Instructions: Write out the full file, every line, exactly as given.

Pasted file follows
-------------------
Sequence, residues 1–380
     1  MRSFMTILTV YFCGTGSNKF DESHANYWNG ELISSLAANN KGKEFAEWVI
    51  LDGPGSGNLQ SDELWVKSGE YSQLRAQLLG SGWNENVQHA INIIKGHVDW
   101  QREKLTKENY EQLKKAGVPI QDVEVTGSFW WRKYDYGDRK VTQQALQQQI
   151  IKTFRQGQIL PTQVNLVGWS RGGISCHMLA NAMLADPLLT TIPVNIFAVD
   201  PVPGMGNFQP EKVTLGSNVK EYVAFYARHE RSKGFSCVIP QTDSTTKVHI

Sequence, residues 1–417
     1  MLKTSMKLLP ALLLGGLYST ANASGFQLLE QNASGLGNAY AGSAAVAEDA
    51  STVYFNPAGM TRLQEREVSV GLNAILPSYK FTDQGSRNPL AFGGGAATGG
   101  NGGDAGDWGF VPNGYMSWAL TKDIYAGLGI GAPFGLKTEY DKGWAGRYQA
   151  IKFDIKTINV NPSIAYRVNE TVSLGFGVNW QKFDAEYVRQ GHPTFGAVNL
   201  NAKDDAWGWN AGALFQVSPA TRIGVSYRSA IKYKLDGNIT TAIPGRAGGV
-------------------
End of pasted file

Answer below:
Sequence, residues 1–380
     1  MRSFMTILTV YFCGTGSNKF DESHANYWNG ELISSLAANN KGKEFAEWVI
    51  LDGPGSGNLQ SDELWVKSGE YSQLRAQLLG SGWNENVQHA INIIKGHVDW
   101  QREKLTKENY EQLKKAGVPI QDVEVTGSFW WRKYDYGDRK VTQQALQQQI
   151  IKTFRQGQIL PTQVNLVGWS RGGISCHMLA NAMLADPLLT TIPVNIFAVD
   201  PVPGMGNFQP EKVTLGSNVK EYVAFYARHE RSKGFSCVIP QTDSTTKVHI

Sequence, residues 1–417
     1  MLKTSMKLLP ALLLGGLYST ANASGFQLLE QNASGLGNAY AGSAAVAEDA
    51  STVYFNPAGM TRLQEREVSV GLNAILPSYK FTDQGSRNPL AFGGGAATGG
   101  NGGDAGDWGF VPNGYMSWAL TKDIYAGLGI GAPFGLKTEY DKGWAGRYQA
   151  IKFDIKTINV NPSIAYRVNE TVSLGFGVNW QKFDAEYVRQ GHPTFGAVNL
   201  NAKDDAWGWN AGALFQVSPA TRIGVSYRSA IKYKLDGNIT TAIPGRAGGV